The Chill Is On

Fighting raves, squelching speech


Karen Tandy, expected to be confirmed soon as the new head of the Drug Enforcement Administration (DEA), did not face many tough questions when her nomination was considered by the Senate Judiciary Committee. One of the few exceptions came from Sen. Joseph Biden (D-Del.), who asked her about a problem he was instrumental in creating.

Biden referred to an incident in Billings, Montana, on May 30, when a DEA agent brought a copy of the Illicit Drug Anti-Proliferation Act to the local Eagles Lodge. The agent warned the lodge's manager that a fund-raising concert sponsored by the National Organization for the Reform of Marijuana Laws and Students for a Sensible Drug Policy might violate the law if anyone attending the event lit up a joint.

The law, which Biden sponsored, makes it a federal crime to "knowingly and intentionally" make a place available "for the purpose of manufacturing, distributing, or using any controlled substance." Violators are subject to $250,000 or more in civil penalties, a criminal fine of up to $500,000, and a prison sentence of up to 20 years.

The threat of these penalties "freaked me out," the Eagles Lodge manager told the Drug Reform Coordination Network. She said the DEA agent "didn't tell us we couldn't have the event, but he showed me the law and told us what could happen if we did. I talked to our trustees, they talked to our lawyers, and our lawyers said not to risk it, so we canceled."

Biden pronounced himself "troubled" by this application of his law. He pressed Tandy to explain how she planned to "reassure people who may be skeptical of my legislation that it will not be enforced in a manner that has a chilling effect on free speech."

The way Biden posed the question was telling: For both the senator and the DEA, the key thing is not so much to protect First Amendment rights as to "reassure people who may be skeptical" about his broadly worded, draconian statute. But for anyone who is concerned about freedom of speech and the rule of law, there are ample grounds for skepticism.

When the legislation was debated last year, critics argued that it could be applied to any event that attracts drug users, including not only raves (Biden's main target) but rock concerts, political rallies, even backyard barbecues if guests happened to smoke pot. The objections were so loud that the bill, then called the Reducing Americans' Vulnerability to Ecstasy (RAVE) Act, never came up for a vote.

This year Biden avoided debate by introducing his legislation under a new name and quietly attaching it to a wildly popular bill establishing a national alert system for abducted children, which was signed by President Bush on April 30. Barely a month later, critics of the legislation were proven right by the incident in Billings.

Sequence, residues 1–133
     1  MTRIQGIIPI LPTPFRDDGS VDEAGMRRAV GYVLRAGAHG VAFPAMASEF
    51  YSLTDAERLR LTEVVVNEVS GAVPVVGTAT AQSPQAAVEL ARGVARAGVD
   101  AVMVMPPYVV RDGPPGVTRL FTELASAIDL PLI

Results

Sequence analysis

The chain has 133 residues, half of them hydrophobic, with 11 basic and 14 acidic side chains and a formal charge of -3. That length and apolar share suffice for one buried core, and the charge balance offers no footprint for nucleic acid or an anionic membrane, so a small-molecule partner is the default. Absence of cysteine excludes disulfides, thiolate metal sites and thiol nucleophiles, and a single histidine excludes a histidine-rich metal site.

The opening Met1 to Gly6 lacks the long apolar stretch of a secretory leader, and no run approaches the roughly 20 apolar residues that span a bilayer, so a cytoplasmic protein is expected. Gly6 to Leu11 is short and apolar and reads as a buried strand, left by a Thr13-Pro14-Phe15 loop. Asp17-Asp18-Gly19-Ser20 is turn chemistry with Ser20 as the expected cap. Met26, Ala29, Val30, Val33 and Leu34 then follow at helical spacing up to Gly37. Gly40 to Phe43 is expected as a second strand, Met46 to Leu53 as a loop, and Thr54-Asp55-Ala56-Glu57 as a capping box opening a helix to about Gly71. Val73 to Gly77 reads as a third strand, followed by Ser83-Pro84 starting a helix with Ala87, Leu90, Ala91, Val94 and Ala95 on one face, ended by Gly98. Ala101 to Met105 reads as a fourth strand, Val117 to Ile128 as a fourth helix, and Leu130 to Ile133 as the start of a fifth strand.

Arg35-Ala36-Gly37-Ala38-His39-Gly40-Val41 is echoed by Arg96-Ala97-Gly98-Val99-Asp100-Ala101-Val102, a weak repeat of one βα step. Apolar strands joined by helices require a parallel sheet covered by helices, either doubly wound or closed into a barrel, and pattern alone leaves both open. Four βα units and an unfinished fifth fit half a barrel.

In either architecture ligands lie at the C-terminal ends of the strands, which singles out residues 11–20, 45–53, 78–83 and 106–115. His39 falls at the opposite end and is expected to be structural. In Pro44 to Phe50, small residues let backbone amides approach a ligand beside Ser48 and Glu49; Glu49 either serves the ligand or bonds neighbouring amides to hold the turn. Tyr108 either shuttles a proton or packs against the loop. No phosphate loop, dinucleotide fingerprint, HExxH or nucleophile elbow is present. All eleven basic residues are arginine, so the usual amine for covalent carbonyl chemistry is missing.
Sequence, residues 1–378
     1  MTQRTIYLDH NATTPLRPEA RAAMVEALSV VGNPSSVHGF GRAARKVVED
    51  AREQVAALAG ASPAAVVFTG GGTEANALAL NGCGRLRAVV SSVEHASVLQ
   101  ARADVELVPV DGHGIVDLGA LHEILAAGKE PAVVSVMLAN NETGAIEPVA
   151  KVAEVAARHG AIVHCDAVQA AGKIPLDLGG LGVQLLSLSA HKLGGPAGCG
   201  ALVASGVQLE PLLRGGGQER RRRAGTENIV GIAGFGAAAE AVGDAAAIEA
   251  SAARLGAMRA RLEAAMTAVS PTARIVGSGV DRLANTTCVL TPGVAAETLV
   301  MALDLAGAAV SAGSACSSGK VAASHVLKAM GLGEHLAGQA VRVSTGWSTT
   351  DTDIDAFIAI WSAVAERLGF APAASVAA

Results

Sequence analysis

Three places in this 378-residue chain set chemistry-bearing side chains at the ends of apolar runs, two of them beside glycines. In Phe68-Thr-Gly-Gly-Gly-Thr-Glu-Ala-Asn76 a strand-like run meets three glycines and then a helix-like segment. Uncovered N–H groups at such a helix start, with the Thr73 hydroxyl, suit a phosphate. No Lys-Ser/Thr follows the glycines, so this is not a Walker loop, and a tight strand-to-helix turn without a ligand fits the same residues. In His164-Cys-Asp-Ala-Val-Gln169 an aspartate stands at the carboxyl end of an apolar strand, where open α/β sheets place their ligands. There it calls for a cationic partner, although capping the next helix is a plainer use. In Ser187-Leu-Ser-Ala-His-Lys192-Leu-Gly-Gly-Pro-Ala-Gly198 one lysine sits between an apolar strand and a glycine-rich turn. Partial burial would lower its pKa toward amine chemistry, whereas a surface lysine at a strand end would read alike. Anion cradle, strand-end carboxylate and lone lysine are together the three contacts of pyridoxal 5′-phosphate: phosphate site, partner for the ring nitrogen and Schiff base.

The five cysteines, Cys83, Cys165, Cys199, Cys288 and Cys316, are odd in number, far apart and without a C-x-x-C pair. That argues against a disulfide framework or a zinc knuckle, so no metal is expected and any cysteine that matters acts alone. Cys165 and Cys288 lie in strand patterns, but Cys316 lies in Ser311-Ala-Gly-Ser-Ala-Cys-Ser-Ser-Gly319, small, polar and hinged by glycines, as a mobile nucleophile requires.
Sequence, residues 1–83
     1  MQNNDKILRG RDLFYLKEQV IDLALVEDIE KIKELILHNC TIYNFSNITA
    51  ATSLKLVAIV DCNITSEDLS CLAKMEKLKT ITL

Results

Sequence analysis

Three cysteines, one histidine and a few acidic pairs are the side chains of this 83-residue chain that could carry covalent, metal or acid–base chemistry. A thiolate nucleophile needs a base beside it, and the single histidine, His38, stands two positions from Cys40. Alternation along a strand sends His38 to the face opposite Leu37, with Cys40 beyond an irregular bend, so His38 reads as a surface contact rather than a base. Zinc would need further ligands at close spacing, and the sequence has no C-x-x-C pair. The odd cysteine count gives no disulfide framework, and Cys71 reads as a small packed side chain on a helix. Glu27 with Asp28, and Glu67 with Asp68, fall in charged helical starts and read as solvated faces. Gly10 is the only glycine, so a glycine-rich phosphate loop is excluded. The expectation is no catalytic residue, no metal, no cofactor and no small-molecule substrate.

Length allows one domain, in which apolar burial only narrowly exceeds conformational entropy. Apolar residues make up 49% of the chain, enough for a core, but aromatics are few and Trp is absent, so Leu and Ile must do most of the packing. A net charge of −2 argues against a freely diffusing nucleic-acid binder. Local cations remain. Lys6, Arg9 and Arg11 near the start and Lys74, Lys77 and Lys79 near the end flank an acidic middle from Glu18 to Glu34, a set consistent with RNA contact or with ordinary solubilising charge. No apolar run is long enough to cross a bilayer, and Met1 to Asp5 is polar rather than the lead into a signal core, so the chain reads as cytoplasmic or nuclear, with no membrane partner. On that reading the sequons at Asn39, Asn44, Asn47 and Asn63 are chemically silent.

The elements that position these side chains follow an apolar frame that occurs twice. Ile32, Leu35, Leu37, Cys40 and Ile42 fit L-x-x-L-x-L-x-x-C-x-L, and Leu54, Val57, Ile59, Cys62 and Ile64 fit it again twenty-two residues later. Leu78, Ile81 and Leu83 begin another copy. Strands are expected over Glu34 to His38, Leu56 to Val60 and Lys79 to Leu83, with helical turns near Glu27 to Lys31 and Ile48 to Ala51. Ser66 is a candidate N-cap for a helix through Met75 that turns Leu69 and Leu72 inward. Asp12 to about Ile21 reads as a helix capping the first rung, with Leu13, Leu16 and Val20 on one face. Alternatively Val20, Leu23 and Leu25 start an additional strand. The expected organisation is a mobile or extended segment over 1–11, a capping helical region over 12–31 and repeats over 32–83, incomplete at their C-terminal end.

Jeff Sweetin, special agent in charge of the DEA's Rocky Mountain Division, defended the warning to the Eagles Lodge in a June interview with The Billings Outpost. But he conceded that "it certainly doesn't look very good."

Attempting to improve appearances, the DEA announced on June 20 that it is "committed to responsible enforcement of this law, which will shield innocent businesses from criminal liability for incidental drug use by patrons." It referred to "updated guidance" and a new requirement for "Headquarters review of proposed enforcement activity" to "ensure that all DEA activity under the Act complies with its terms and intent and with the First Amendment."

Tandy cited that announcement in response to Biden's questions, but it's not very reassuring. "Innocent businesses" that already had to guess at the meaning of "knowingly and intentionally"—a "high legal standard" according to Biden, but not according to that DEA agent in Billings—now have to wonder when drug use counts as "incidental."

That kind of uncertainty is the essence of a chilling effect. For anxious venue owners, the question is not whether the government could impose a civil fine or obtain a conviction that would be upheld on appeal; the question is whether a federal agent might think it's worth a shot.

There is a broader issue here than freedom of speech. The rule of law requires that people be given adequate notice of which actions will get them into trouble. In seeking to hold property owners and managers liable for other people's drug use, Biden's law fails that basic test.